Happy Monday and welcome to another edition of Beyond The Forecast!
Technically, we are less than two weeks into summer. You wouldn’t necessarily guess that considering all of the storms and heat in the last three months. The hottest day in Roanoke so far was May 20 when the temperature reached 96 degrees. That’s about 20 degrees above average for that day!
The first holiday this year after the official start of summer is Independence Day. For the 4th of July itself in 2022, high temperatures are slightly above average with just a few showers in the forecast. That can certainly put a damper on the celebrations since so much of the 4th is celebrated outdoors. Between fireworks, grilling and pool parties, this is a holiday where pleasant weather is always welcome.
This year’s heat will bring the temperature above average, but we stay a fair margin below the record for the 4th. The average high on the 4th of July in Roanoke is 86 degrees, but the record high was 99, which coincidentally happened in 1999. Out of the top 5 hottest Independence Days in Roanoke, two of them were in the 21st century (2002 got to 96, and 2012 reached 97). Only slightly lower on the record high list is 2020 when the high was 95, which ties it in 7th place with 1934. The coolest high temperature on record is 68 degrees in 1962, which is within a few degrees of the average July 4th low (64 degrees).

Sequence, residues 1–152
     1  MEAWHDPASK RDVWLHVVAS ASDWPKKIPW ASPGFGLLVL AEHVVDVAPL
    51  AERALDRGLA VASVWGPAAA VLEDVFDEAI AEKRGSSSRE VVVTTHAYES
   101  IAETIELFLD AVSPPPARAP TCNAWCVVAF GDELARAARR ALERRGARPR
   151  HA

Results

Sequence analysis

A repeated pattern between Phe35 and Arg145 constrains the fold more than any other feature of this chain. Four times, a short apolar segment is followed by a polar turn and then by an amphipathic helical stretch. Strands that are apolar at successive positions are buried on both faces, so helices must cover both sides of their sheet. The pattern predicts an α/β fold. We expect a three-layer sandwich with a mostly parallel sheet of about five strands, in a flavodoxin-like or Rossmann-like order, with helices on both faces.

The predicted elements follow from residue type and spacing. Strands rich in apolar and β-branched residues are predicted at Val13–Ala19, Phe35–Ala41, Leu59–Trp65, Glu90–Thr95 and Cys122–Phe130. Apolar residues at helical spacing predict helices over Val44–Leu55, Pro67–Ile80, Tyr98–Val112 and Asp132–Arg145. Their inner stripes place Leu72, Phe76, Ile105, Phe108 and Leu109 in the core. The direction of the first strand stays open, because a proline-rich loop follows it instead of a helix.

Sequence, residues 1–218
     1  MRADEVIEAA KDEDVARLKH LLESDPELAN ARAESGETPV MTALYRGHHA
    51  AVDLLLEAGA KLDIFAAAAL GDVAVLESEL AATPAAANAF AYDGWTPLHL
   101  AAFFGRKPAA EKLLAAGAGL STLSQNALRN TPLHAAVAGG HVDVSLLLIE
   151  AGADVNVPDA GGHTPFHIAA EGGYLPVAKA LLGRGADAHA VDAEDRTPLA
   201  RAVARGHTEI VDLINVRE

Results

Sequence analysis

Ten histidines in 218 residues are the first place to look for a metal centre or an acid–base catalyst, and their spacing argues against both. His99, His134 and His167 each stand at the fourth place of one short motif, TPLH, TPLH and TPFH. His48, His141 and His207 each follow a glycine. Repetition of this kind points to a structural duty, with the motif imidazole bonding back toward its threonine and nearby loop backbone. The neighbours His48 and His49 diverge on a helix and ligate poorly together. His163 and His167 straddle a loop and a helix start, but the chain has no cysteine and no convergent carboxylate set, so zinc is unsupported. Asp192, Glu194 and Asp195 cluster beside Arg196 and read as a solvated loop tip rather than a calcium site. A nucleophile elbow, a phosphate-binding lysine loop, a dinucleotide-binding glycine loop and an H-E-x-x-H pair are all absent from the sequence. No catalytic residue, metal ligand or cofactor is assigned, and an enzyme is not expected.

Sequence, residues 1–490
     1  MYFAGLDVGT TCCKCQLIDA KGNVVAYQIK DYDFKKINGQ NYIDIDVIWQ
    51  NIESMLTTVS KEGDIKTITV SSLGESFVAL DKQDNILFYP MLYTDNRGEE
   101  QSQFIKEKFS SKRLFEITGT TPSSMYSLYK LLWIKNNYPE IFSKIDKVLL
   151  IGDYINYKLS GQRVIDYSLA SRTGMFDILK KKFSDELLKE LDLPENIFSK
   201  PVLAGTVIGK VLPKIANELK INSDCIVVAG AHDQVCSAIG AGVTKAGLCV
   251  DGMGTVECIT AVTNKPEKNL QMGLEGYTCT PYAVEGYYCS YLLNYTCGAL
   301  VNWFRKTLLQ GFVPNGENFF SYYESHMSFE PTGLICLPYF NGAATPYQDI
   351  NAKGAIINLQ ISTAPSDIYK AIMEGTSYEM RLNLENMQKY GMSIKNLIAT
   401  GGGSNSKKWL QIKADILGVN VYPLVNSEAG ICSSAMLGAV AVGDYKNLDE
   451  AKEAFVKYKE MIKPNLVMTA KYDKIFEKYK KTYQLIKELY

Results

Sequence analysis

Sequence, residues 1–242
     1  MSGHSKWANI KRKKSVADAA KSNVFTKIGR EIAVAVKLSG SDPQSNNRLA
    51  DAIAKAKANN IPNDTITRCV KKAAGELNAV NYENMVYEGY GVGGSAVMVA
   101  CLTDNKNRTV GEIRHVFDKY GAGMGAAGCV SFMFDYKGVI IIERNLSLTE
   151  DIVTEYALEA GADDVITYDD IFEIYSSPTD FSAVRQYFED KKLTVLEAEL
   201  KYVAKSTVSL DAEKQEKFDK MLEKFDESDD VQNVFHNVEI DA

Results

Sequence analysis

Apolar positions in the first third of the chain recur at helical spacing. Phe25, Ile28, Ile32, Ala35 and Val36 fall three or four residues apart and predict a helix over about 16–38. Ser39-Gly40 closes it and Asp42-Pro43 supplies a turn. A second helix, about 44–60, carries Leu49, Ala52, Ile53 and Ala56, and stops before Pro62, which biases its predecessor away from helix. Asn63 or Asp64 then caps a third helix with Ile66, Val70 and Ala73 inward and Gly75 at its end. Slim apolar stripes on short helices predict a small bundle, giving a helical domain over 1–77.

Most low temperatures for the 4th match the average and stay in the 60s, but the absolute coolest temperature on record was the morning of the 4th in 1933 when the low was 48 degrees. That’s closer to lows in early April. On the warmer-than-average side, 2018 had the warmest low on record at 74 degrees. 1999, the year where the high reached 99, had a low of 73 degrees tying for second place with 2012. 2019 and 2020 came in at 71 and 70 degrees respectively.
About 4 in every 10 years sees some rainfall on Independence Day, and only a quarter of the days on record received more than a tenth of an inch of rain. 2013 is the title holder with 1.66 inches that day alone. Only five other days on the record broke the 1-inch threshold.
Last year was a pretty typical 4th of July in most respects. The low was 61 (a few degrees below average), and in the afternoon, the high climbed to 85 (within 1 degree of average). The day stayed dry without any rainfall recorded. Lynchburg and Danville were just as dry. Both of those towns had highs close to their averages, but their lows were a fair bit below a typical year. Lynchburg’s low was 55 against an average of 65, and Danville got as cool as 57 whereas the average is 66.
This year we get to stay mostly dry, but after the 4th, showers and storms linger into the end of the week. You can download our weather app for information on storms as they develop and get Meteorologist Chris Michaels’ latest updates online.
You can always get specific forecast details for your zone, whether it’s the Roanoke Valley, Lynchburg area, the New River Valley or elsewhere around Southwest and Central Virginia, anytime at WSLS.com/weather. Know your zone!
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-- Marshall Downing